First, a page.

When “Besame Mucho” is No.1 on Chinese Prime Time TV (I Am A Singer Ep 6)

Spoiler alert! Oops . . .

But what is a Spanish song doing in a Chinese music competition, anyway? 😕

With the upcoming Lantern Festival (when we all get to eat tangyuan), everyone is in a festive mood for this week’s episode of “I Am A Singer”. The singers all receive lanterns, revealing banners with four-character sayings hinting at each person’s order of performance.

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#cute


Faced with the pressure of ranking sixth last time, Hwang Chi Yeol receives a banner proclaiming “一帆风顺”, with 一 meaning, of course, “one”. He chooses to sing 《苦海》 (“Bitter Seas”?), a Korean song that propelled him to fame within the K-pop industry. It’s revealed that he actually debuted back in 2006, meaning that he’s actually not as young as I thought.

From what I gather, 《苦海》 is a traditional Korean song released back in the 1980s; using his emotional 哭腔 (“crying voice”), or what I like to call the “kimchi voice”, Hwang Chi Yeol incorporates a lot suffering into the performance, despite the language barrier. Which really means that as an artist — either you’re a fan of his “kimchi voice” and really like his music, or you’re not a fan of that voice and probably won’t bother.

For a more festive spirit, Coco Lee dons some bright colors and sings a medley of three old but well-known songs: the Cantonese 《喜气洋洋》 (maybe this was filmed during Chinese New Year?), 《宝贝对不起》, and “Sha La La”. While I am hyped to hear her sing in Cantonese, this was at best a mediocre performance. The songs aren’t exactly suited for Coco. Her singing was too much.

Even Coco herself acknowledged this, expressing that she had just switched songs and didn’t put much consideration into the performance.

Lala Hsu sings 《喜欢你》 — not Beyond‘s really popular one (although I want to hear her sing in Cantonese!), but Kit Chan‘s really unknown/underrated one. You might recall that Kit Chan was on last season’s “I Am A Singer”, but was ultimately voted off due to her unconventional singing style.

Similarly, her own songs likely have the same effect — you kind of have to listen to them multiple times to really get a feeling out of it. Yet for audiences who vote at the live show, that is impossible. While Lala Hsu usually doesn’t have this effect, her rather mellow performance of the song itself requires additional listens for enjoyment. I really liked the joyful, almost riding-on-a-carousel feeling though.

On the other hand, what is that dress. 

 

Hacken Lee hops on the piano to sing the popular 《友情岁月》. OK, I admit — I haven’t heard the original before, but my mom was singing along the entire time. (How do you determine a song’s popularity? Ask your mom if she’s ever heard it before.)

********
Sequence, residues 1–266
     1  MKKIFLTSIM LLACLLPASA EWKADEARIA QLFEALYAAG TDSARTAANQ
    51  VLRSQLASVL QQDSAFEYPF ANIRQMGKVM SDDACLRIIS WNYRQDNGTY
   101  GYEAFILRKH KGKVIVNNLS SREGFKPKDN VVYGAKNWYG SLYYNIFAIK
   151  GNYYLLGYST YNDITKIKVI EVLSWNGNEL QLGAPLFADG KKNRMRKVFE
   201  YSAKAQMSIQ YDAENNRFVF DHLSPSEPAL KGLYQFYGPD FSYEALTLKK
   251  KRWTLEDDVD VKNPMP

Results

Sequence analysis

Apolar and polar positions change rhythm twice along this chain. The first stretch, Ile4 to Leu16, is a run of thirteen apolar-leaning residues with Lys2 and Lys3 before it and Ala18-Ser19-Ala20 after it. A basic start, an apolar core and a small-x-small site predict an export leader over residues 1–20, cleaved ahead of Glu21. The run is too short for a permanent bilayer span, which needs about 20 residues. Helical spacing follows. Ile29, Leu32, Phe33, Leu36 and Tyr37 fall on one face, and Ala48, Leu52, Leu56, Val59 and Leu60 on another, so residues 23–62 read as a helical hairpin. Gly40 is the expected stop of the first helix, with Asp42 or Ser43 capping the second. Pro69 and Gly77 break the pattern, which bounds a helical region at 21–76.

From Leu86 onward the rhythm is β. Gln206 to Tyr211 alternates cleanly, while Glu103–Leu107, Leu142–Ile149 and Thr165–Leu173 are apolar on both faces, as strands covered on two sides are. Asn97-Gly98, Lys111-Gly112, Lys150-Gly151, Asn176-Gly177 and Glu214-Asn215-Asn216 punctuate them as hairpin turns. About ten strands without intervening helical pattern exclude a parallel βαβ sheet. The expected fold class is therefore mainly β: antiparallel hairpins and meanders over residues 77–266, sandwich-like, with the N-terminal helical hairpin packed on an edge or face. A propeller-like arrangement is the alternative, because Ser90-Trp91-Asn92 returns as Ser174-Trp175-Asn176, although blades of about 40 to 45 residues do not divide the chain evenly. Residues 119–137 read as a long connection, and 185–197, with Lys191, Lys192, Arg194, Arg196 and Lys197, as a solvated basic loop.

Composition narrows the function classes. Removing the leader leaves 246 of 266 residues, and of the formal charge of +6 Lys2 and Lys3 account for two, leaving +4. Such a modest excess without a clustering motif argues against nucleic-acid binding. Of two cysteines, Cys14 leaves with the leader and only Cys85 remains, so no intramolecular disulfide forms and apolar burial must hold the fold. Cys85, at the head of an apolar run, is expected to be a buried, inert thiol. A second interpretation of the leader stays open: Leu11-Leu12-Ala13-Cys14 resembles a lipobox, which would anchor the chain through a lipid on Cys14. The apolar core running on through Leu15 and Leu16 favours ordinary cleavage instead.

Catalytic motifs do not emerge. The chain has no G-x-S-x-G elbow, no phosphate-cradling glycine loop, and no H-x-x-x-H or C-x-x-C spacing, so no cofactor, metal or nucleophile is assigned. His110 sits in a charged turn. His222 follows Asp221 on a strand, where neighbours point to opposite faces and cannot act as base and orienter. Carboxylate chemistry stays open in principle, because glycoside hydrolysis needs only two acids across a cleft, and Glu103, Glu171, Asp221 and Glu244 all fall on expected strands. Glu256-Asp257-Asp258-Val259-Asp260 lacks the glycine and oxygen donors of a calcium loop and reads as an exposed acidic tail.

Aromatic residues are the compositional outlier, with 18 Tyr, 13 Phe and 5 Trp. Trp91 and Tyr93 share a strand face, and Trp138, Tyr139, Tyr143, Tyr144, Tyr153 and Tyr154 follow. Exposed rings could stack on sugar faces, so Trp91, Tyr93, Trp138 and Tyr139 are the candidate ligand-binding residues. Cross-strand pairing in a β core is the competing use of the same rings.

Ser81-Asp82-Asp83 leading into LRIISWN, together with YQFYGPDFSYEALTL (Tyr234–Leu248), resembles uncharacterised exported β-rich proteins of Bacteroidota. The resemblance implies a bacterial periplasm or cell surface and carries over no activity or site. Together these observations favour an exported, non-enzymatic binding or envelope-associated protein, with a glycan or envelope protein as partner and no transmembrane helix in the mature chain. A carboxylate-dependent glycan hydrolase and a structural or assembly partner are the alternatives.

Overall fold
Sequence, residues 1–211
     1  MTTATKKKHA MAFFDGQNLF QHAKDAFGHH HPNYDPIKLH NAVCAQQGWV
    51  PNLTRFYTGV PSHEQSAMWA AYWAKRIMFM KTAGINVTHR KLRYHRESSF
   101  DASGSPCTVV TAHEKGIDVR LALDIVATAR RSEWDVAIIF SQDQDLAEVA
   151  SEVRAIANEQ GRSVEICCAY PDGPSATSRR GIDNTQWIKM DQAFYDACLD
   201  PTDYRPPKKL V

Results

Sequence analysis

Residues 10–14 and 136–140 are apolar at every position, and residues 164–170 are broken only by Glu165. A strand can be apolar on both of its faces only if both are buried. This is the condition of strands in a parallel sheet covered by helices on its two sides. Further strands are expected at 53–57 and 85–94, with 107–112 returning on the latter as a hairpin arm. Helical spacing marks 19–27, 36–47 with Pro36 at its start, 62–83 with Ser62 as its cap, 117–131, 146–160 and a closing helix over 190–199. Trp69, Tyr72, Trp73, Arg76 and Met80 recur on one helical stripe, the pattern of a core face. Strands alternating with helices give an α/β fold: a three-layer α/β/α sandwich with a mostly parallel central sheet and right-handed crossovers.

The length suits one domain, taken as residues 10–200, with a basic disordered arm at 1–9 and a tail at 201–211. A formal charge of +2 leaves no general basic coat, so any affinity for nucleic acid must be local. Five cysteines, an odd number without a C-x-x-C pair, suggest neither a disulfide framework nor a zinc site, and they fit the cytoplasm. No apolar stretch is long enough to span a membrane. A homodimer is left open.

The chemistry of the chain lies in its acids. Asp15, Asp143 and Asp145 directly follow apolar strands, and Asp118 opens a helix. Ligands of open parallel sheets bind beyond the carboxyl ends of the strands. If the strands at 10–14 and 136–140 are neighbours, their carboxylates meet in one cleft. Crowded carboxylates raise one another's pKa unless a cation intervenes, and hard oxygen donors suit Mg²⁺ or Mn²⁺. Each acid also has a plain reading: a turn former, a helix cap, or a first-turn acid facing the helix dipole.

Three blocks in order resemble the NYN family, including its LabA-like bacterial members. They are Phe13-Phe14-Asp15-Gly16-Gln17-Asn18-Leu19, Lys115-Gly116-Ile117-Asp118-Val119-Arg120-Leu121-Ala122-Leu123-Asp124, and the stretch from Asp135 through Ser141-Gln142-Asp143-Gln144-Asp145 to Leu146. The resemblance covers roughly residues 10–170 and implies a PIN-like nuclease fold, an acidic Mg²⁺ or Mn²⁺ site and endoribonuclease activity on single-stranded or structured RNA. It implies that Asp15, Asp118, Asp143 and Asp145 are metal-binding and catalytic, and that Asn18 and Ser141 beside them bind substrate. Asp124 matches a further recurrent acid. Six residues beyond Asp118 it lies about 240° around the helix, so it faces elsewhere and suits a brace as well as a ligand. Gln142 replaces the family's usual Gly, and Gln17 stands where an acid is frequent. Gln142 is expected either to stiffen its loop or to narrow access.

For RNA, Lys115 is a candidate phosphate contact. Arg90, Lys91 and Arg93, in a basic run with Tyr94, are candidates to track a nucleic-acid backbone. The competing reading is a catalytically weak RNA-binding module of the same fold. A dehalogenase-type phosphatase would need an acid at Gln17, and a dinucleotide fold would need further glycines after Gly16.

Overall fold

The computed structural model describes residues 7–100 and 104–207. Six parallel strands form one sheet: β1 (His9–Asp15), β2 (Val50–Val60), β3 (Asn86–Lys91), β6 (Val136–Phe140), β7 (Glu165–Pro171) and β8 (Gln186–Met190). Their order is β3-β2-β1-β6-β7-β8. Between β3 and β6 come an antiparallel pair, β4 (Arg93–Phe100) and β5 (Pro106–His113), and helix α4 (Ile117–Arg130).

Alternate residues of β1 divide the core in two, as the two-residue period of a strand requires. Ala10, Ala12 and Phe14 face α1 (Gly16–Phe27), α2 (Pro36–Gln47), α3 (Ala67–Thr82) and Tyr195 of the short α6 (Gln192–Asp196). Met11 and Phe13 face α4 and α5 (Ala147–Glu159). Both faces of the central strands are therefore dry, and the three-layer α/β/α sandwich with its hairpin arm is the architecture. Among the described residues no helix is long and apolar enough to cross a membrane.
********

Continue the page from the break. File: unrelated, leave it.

Considering that it’s a song about bromance, Hacken Lee gave a rather serious performance. This time, however, his was actually memorable and proved his prowess as a renown veteran singer.

Eliminated or not, Chief Chao just never changes.

Jeff Chang sings Lo Ta-yu‘s  (the senior of all the seniors . . . lol) 《爱的箴言》, which is actually even more classical because the original is by none other than Teresa Teng. I mean, Teresa Teng, people. His performance is a rather mellow one, incomparable to the original. I think he might need to start choosing some more modern songs, so to speak. 😬

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Despite suffering from a fever akin to Jeff Chang’s from two episodes back, Shin manages to sing Ricky Hsiao‘s 《末班车》. I thought it was a huge KTV hit but apparently not? You can listen to the super emotional original here.

Singing aside though, I was thoroughly impressed by how Shin was able to express his emotion throughout the song. Though I expected and even anticipated Shin’s elimination, it really is a pity.

Ah, the performance of the night — “Besame Mucho”. This week’s “challenger singer” is this Mainland Chinese singer named 王晰, or according to Wikipedia Elvis Wang. So Elvis Wang it is.

Prior to his appearance on “I Am A Singer”, Elvis Wang was virtually unknown. It seems that the Chinese audience really digged his performance. Personally, however, my reaction basically mirrored Hwang Chi Yeol’s:

giphySince Elvis Wang has this really deep voice when he speaks, it comes as little surprise that he has a very distinct/beautiful lower register. “Besame Mucho” is clearly suited for voices like his — despite making little changes to the original, the audiences just totally digged it.

Considering that the Mandopop industry is chock-full with tenor and even countertenor male singers, Elvis Wang’s voice is a very unique one indeed. Add to it his “flower boy” face and you basically have China’s next rising star.

. . . or not. Admittedly, upon first listen I was quite impressed:

giphy (1)The truth is, however, China wants change and versatility. Perhaps his first performance is really something, but as the weeks pass by the audience will honestly just get bored. Some might say that that is just unfair for the singers — but that’s exactly why only a selected calibre of singers can make it to the end.

Despite Elvis Wang’s great ranking at first place, netizens’ reviews were mixed. Some felt that he put but little emotion into the performance, taking advantage of merely his voice to captivate the audiences. Personally, I felt that the few high notes that Elvis Wang sang were a bit weak, proving that his voice might be disadvantageous in the future episodes to come.

THIS WEEK’S RANKING:

  1. Elvis Wang (王晰)
  2. Hacken Lee
  3. Hwang Chi Yeol
  4. Coco Lee
  5. Jeff Chang
  6. Lala Hsu
  7. Shin (eliminated)

— moon148

P.S. Is Joey Yung (for next week) a rumor or has it been confirmed? Interesting, considering her tour collaboration with Hacken Lee.

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